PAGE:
Digging Out of the Wreckage
On August 10, 2020, a straight-line windstorm known as a derecho tore through the Midwest, leaving wide-scale devastation in its wake. It caused $11 billion in damage, making it the costliest thunderstorm in U.S. history, according to the National Oceanic and Atmospheric Administration. Cedar Rapids was the hardest-hit city in the storm’s path and in less than an hour, the derecho caused more than $3 million in damage to the Brucemore estate, making it one of the worst disasters to hit a U.S. cultural site
When faced with the enormous task of recovery—where do you begin?
For the staff at Brucemore, who took shelter in various buildings as the storm passed, recovery began the moment they opened the doors and realized they would have to work as a team to clear a path to leave the property.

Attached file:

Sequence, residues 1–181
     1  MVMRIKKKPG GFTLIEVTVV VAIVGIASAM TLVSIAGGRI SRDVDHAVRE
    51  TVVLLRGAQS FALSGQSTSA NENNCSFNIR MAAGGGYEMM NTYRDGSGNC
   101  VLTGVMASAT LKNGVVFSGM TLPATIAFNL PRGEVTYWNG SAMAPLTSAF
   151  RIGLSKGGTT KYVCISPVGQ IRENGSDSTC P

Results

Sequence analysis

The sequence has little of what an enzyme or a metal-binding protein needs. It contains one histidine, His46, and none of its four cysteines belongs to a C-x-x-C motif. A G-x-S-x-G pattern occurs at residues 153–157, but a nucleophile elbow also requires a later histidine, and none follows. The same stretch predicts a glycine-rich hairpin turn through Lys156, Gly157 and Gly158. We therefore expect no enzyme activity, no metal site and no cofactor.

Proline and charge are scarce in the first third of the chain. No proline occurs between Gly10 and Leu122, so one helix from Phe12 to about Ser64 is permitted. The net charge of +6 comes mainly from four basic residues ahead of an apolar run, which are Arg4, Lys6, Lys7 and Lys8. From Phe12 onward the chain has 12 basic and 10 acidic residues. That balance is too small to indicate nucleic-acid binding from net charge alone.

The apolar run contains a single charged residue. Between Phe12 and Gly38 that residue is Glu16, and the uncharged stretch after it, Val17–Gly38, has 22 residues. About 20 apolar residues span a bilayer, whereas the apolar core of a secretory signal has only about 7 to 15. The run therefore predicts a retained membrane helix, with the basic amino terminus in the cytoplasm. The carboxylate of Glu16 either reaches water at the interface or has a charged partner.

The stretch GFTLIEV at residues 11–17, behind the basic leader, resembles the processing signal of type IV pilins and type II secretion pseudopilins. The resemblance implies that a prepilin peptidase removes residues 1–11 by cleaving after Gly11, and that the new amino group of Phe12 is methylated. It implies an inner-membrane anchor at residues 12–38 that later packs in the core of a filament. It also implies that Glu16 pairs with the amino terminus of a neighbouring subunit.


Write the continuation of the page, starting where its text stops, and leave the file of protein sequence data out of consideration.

In the first moments after stepping outside, it was hard to determine the extent of the damage—trees had fallen in all directions, windows were smashed, and nothing looked familiar. By the time staff made their way to the Linden Drive gates, it was clear it would take a long time to restore the historic entrance.
Preservation & Recovery Efforts
Century-old trees smashed through the Linden Drive gates, twisting and mangling the elaborate wrought-iron detailing. Many other stately trees lining the property were snapped or uprooted, crushing the perimeter fencing below.
Restoration is currently underway to restore the historic gates’ shape and functionality; they are expected to return during the fall of 2022. The trees that once lined the drive will be replanted, and given time, they will help return the drive to a vision of the Douglas era landscape.